It was predictable that Martin Luther King Jr Day would involve repeated invocation of one of the newer mantras in the halls of the Reformatorium: school reform is the civil rights issue of our time.
Like many of the great lies of history, this one resonates because it could be true. It ought to be true.
We really should be moving heaven and earth to provide better education for our nation's poor. But to do that, we would have to ask questions like, "What would it take to help these students succeed in getting a great education?" But instead, we're mounting a sales pitch familiar to any street vendor who ever tried to sell a fake Rolex.
"Look," he says. "Isn't it shiny. Just like a real one. Why should those fat cats uptown be the only ones to have a nice watch? Don't you have just as much right to a nice watch like this?" And once again, the sales pitch ought to be true. Except for one thing-- the watch is fake. It's nothing but a sales pitch and some sparkle.
To be sure, the reformatorium pitch throws in two other wrinkles.
Our CCSS street vendor doesn't just sell to the folks on the street. He's gone to his rich Uncle Sam and said, "Sammy, what you should be doing is buying these for everybody, no matter their race, color, creed or income. You should get one of these for everybody and make them wear it!" And our vendor gets Sammy to make a massive purchase deal on a few million fake Rolexes. And everybody should wear the same make and model, no matter what they do during the day, from hair dressers to steel workers to artists to scuba divers. (Of course, the richest folks, the ones who have authentic, expensive Rolexes already-- they'll quietly demure and Sammy will let them).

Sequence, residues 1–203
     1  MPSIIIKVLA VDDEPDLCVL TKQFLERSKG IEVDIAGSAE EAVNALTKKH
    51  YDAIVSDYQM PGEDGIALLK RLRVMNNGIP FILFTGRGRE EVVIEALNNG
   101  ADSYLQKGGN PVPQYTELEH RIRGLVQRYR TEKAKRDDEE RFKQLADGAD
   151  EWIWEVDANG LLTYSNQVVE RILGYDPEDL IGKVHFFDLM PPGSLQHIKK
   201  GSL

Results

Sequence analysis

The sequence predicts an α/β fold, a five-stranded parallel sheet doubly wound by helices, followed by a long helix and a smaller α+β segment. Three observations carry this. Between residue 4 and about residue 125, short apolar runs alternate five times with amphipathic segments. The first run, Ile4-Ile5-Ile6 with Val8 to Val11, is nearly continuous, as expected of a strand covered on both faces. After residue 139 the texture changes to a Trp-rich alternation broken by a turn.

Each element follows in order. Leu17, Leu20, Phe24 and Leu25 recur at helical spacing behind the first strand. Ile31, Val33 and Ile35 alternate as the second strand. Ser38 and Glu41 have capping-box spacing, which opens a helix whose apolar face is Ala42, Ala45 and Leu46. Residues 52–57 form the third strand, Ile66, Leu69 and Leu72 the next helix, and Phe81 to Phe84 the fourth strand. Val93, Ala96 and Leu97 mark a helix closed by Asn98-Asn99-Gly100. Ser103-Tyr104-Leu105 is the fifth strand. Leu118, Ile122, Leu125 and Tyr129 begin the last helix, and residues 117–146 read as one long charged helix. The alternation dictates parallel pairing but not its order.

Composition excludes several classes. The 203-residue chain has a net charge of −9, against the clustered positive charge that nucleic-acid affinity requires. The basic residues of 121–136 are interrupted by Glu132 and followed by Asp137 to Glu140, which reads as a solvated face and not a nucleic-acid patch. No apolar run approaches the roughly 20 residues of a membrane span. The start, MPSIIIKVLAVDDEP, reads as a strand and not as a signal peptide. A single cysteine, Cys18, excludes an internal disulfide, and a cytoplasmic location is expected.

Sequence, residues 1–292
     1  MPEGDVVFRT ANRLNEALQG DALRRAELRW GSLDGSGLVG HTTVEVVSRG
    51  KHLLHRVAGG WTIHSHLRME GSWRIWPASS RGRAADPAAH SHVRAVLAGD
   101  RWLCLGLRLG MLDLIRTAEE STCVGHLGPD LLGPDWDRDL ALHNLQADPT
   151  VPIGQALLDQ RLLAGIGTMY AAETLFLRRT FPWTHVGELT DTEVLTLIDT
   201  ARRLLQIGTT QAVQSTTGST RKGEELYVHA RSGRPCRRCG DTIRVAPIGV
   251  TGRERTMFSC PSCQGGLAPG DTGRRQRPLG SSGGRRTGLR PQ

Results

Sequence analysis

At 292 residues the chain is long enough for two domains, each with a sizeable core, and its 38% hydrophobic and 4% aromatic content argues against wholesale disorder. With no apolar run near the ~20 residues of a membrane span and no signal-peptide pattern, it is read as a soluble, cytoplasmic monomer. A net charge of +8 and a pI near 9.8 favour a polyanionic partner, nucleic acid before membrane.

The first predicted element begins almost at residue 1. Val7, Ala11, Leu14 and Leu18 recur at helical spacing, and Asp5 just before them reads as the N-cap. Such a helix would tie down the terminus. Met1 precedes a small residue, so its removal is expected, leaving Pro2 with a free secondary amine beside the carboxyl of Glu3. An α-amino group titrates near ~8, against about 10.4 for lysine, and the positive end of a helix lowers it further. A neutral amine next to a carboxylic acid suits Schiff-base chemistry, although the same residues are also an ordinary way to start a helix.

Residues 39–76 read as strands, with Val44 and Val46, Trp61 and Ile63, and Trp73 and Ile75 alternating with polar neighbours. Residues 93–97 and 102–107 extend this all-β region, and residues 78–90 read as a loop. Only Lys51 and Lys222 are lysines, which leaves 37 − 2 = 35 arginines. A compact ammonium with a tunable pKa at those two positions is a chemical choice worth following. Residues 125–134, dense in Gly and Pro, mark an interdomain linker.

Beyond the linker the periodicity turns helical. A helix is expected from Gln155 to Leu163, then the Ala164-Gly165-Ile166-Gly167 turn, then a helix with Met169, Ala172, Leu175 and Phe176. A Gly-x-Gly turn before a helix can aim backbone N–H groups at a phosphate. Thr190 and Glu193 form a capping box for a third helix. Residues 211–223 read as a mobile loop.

There's another wrinkle. Our CCSS street vendors don't really understand watches, and so many of them really sincerely believe that their fake Rolex is just as good as the real thing. It has a face with hands, and the band is shiny. True, the hands don't actually move and the numbers are in the wrong places, but those are just the complaints of so-called "experts" and what do they know. Our CCSS street vendors don't know a thing about what makes a watch work, but they still are pretty sure that their fake Rolex that doesn't tell time is better than a solid Timex that does. And we should all be using the same watch, so Uncle Sammy says give up your Timex.
Look, I'm a middle class white guy who has lived most his life in small town/urban areas. What I know about being black in America wouldn't fill a thimble. But I do know this: the state of schools in our poorest urban areas is shameful. And I also know that from sharecropping onward, our country has a bad history of offering poor African-Americans fake versions of success, one false promise after another, meant only to enrich those already steeped in privilege.
Should we be addressing the obstacles that stand between poor blacks and browns and anyone else, and a good education? We sure as hell should be. Do the Common Core Standards do that? Do rich kids with no training wandering into classroom for a year or two do that? Do charter schools erected in the lot where neighborhood schools have been bulldozed do that? Does the insistence that poverty and its effects are just excuses that will not be accepted (but will instead be punished) do that? No. No, they do not.
When reformers say that education is the civil rights issue of our time, they are telling the truth. Everything that comes after that statement, however, is a lie.